Sen. Michael Roberson, himself a lawyer, told the Senate Judiciary Committee on Friday that flaws in Nevada’s construction-defects law are encouraging lawsuits that only benefit lawyers.
Roberson, R-Las Vegas, said the Chapter 40 legislation was passed with good intentions but has helped fuel a 355 percent increase in construction-defect lawsuits over the past six years at the same time that new-home sales fell 86 percent.
Roberson said the law essentially prevents builders from fixing construction problems and gives lawyers representing homeowners every incentive to delay cases as long as possible so they can run up huge fees for themselves. The result, he said, is that the rate of defects litigation in Nevada is 38 times the national average.
He was joined at the table by a variety of business representatives including Josh Hicks, who cited a case that, after more than a year, resulted in a jury verdict awarding the homeowner $15,000.
“Attorney’s fees and costs ended up at about $1.5 million,” he said.
Former Senator Terry Care, a Las Vegas Democrat who tried to get defects legislation through in 2009, said Roberson’s bill better defines a construction defect. He said it eliminates a practical guarantee the lawyers will get whatever fees they claim, which would go a long way toward fixing the problem.
“We came to the conclusion that, if you build a house in Nevada or are involved in constructing a house in Nevada, more than likely you’re going to get sued no matter who you are,” Care said.
Rocky Cochran, president of the Southern Nevada Home Builders Association, said he sees every construction-defects lawsuit that comes through his company.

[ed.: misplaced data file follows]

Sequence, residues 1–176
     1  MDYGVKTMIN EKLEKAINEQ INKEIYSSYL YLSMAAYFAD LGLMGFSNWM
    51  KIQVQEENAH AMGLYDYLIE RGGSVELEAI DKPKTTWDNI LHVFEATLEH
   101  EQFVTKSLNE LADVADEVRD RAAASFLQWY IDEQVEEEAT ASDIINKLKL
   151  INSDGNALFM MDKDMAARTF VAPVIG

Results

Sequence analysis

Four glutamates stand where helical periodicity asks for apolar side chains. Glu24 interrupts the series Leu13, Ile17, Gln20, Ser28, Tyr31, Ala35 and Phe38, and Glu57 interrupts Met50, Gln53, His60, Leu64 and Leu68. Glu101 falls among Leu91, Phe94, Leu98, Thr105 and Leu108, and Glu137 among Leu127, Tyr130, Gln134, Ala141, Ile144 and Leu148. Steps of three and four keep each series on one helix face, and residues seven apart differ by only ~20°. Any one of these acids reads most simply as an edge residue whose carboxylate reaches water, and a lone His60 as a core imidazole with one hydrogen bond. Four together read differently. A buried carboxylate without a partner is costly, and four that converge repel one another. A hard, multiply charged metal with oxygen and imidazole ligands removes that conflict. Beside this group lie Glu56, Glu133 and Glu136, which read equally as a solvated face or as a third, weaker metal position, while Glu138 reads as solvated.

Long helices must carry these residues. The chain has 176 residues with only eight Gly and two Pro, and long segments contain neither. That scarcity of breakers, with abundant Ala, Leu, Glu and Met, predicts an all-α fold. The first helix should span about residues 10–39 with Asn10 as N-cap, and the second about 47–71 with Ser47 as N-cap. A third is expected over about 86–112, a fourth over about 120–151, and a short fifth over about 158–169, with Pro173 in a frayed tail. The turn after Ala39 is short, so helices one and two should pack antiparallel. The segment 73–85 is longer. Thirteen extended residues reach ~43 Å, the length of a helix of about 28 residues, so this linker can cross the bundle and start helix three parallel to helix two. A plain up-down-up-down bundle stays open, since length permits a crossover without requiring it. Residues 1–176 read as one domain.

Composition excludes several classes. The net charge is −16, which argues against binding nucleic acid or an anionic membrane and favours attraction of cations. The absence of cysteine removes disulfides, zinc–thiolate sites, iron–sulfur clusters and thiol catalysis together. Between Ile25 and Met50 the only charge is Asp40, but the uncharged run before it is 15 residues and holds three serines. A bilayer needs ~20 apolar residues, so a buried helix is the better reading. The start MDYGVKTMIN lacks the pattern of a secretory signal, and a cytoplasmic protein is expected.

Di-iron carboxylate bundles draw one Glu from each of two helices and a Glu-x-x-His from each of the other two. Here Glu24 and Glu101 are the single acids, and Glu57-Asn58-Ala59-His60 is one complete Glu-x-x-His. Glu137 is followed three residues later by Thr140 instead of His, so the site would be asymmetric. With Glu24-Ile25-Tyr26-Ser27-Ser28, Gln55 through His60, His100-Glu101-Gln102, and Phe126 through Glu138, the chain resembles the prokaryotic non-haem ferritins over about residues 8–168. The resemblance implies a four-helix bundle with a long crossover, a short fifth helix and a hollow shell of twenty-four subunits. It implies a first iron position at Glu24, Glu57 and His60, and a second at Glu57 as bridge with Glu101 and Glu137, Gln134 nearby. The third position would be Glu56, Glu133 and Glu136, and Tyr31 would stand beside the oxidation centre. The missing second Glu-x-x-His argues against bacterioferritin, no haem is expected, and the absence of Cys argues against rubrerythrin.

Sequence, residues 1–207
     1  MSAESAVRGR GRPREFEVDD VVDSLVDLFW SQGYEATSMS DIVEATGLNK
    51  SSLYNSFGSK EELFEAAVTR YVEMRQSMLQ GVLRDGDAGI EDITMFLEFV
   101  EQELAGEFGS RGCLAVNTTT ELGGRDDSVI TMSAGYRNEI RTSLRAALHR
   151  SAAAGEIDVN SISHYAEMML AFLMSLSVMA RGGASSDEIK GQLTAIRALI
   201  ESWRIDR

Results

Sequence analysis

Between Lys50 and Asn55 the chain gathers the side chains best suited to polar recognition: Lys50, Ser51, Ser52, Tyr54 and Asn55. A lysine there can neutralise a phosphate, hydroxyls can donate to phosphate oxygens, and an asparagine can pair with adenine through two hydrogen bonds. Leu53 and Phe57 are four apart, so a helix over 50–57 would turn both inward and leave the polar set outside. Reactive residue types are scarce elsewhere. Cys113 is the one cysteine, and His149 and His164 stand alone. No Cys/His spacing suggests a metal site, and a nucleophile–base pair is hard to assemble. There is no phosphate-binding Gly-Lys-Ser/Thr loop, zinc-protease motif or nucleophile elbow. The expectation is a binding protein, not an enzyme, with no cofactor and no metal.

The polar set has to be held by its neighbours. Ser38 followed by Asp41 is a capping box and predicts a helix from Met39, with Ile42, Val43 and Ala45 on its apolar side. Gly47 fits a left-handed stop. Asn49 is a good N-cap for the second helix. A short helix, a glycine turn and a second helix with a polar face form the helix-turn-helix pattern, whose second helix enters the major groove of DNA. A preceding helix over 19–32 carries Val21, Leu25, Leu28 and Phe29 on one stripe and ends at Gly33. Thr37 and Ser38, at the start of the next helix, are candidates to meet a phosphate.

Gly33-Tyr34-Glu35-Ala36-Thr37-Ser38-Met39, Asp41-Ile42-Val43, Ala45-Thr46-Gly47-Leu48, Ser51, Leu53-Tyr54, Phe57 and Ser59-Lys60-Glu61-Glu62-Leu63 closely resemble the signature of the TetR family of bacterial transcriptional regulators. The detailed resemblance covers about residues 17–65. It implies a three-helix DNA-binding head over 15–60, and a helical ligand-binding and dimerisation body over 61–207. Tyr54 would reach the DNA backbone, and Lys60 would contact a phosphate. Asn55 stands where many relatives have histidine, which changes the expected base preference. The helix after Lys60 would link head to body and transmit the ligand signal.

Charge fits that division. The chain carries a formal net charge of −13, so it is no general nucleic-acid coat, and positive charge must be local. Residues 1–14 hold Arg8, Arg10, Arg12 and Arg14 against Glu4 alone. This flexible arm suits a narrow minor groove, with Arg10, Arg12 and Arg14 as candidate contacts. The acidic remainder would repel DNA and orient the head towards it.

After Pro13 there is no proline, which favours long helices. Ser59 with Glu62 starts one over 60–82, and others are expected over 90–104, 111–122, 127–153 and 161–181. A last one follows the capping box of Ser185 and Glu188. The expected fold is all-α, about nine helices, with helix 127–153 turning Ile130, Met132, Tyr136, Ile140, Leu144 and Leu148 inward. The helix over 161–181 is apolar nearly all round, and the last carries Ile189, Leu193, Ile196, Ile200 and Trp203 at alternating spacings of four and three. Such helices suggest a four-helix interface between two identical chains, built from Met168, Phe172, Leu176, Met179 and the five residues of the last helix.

“Ninety-eight percent of the time, it is the first time I’m being told there is a warranty problem with one of our homes,” he said.
Former Sen. Allison Copening, D-Las Vegas, said that when she worked for Del Webb, a major contractor in the homebuilding business, lawyers suing them over defects used every excuse available to avoid settling and getting the homeowner’s problems fixed.
Sen. Mark Hutchison, R-Las Vegas, said the heart of the issue seems to be the builder’s right to repair a problem before it ends up in litigation. Copening agreed, saying once a suit is filed, builders aren’t allowed to repair anything.
Chris Hallman of Pardee Homes said that is their issue as well and pointed out that under current law, exceeding the building code is considered a defect.
But defects lawyer Charles Litt of Las Vegas said changing the law could leave homeowners without the money to fix whatever problem they have — especially the removal of the attorney fees provisions. If that happens, he said, the homeowner will have to pay a lawyer out of the money he or she won to fix the problem.
“They only get what they can prove is the cost of repairing the home,” he said.
Litt also charged that the new definition of a defect would be so restrictive that too many problems wouldn’t qualify for repair and would be left to the homeowner to pay.
He denied the fees are mandatory, saying the fees are ultimately up to the court to decide.
Roberson, minority leader in the Senate, described the construction-defects bill as his top priority this session. He asked Judiciary Chairman Tick Segerblom, D-Las Vegas, to at least hold a vote on the measure.
The committee took no action on Senate Bill 161.